The awareness about climate change harming people, and due solely to our human activities since the industrial revolution, is on the rise. With awareness comes responsibility, so 80% of the 72% “aware” are willing to change lives and work as a result — Source Pew Research. Can you ignore it in your business plans?
After presenting this context with facts, I project my audience into the future and ask them to evaluate how many years they think maintaining the status quo will be bearable for their business to survive. That is part of initiating the desire to change and overcome the expected resistance to the change, as this Beckhard and Harris Change Model explains:
D x V x F > R
Where D = Dissatisfaction with current situation, V = Vision of future possibilities, F = First steps towards the vision, and R = Resistance to change.
This is not a C-Suite marketing campaign but a cultural change
Responding to the triple revolution at work described here, requires a systemic approach from leaders. One cannot expect to embark on this journey with a narrow view coming only from the C-Suite, quite the contrary actually. This is a transformation that should be fueled with innovation co-designed with employees and customers where design thinking can help a great deal. Innovation by the way do not stand only for technology, social innovation and business innovation are also invited to the party.
But as Simon Sinek points out, this is not a C-Suite marketing campaign but closer to a product launch model applied to a cultural change. Think about it with the law of diffusion of innovation in mind, where you want to reach the tipping point of your organization awareness and engagement, usually around 15 to 18% of your workforce.
“The biggest mistake that companies make when trying to make cultural transformations is treating it like a marketing campaign. There’s a model you can use to help make big changes from starting small.”Simon Sinek – Optimist and Author at Simon Sinek Inc.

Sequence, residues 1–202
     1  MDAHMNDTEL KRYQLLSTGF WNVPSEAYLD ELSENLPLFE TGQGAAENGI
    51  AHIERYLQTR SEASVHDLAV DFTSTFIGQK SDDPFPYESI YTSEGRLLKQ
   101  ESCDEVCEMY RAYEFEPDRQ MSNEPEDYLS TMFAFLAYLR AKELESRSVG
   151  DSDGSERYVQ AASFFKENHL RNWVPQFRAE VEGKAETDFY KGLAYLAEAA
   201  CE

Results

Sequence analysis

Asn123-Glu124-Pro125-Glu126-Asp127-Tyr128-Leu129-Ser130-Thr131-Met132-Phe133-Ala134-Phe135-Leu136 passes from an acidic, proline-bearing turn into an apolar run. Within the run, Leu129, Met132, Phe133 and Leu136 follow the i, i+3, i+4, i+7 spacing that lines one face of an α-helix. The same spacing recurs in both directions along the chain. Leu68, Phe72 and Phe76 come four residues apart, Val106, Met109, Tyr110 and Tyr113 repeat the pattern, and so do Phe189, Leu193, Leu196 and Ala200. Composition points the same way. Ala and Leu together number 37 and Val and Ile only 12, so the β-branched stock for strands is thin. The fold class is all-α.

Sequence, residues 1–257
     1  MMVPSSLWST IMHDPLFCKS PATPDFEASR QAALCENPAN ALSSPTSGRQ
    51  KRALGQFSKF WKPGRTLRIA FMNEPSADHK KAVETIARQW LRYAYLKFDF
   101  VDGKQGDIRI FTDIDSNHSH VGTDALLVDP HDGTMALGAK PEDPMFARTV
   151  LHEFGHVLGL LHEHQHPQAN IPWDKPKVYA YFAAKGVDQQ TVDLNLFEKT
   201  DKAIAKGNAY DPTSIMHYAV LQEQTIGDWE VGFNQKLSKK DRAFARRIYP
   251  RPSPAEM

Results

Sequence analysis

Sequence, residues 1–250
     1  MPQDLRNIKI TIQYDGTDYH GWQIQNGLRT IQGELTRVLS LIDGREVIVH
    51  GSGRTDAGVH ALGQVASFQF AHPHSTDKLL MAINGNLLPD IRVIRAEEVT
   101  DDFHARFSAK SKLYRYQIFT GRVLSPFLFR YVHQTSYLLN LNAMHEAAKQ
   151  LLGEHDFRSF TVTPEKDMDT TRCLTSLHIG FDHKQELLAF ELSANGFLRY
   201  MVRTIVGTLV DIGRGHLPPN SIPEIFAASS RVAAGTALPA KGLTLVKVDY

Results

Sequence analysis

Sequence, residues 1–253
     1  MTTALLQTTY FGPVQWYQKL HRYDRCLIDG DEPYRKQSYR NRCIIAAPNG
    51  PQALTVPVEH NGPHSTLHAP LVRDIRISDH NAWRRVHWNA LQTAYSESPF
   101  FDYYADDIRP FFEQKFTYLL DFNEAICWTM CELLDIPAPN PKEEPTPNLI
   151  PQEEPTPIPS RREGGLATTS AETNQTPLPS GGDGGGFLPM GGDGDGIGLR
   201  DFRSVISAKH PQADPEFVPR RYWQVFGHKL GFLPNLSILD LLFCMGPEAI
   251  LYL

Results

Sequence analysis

It could be a good idea as well to use someone from the outside to deliver key messages to ignite this awareness, like Simon did and that I love to do as well. Storytelling for influence and impact.
It actually starts with the people in mind, your people as they are at the heart of your business. But rather than saying it on slides or through posters about your company’s values at your premises, it’s far more difficult to embody this belief and act upon it everyday.
Another great turnaround CEO, Hubert Joly, that did wonders at Best Buy, wrote about this and tells us the following:
“Purpose and human connections constitute the very heart of business and the necessary and urgent refoundation of business now under way. Employees, customers, and even shareholders expect much more from corporations than a blind pursuit of profit. Disengagement at work is a global epidemic.”Hubert Joly, Former Best Buy CEO
Learnings from the digital transformation
What did you learn from the accelerated digital transformation? Are you willing to go through what you went through during the pandemic and this sudden acceleration of time? Do I need to remind you about this presumably Albert Einstein quote: “Insanity is doing the same thing over and over again, and expecting different results” 😉
Rather, I’d recommend for you to:
- Advocate Change & enlighten C-Suite strategy
- Put Employee Experience & Empathy at the forefront
- Foster Collective Intelligence & Action
A lot more is to be said about how to address the triple revolution at stake, but I’ll leave it at this for today. Let’s look at it as a fantastic opportunity to make People, Planet and Prosperity congrue to your improved financial performance, with a big smile!
Make People, Planet and Prosperity reunited again
As usual, please share your views, experience and feel free to engage with questions.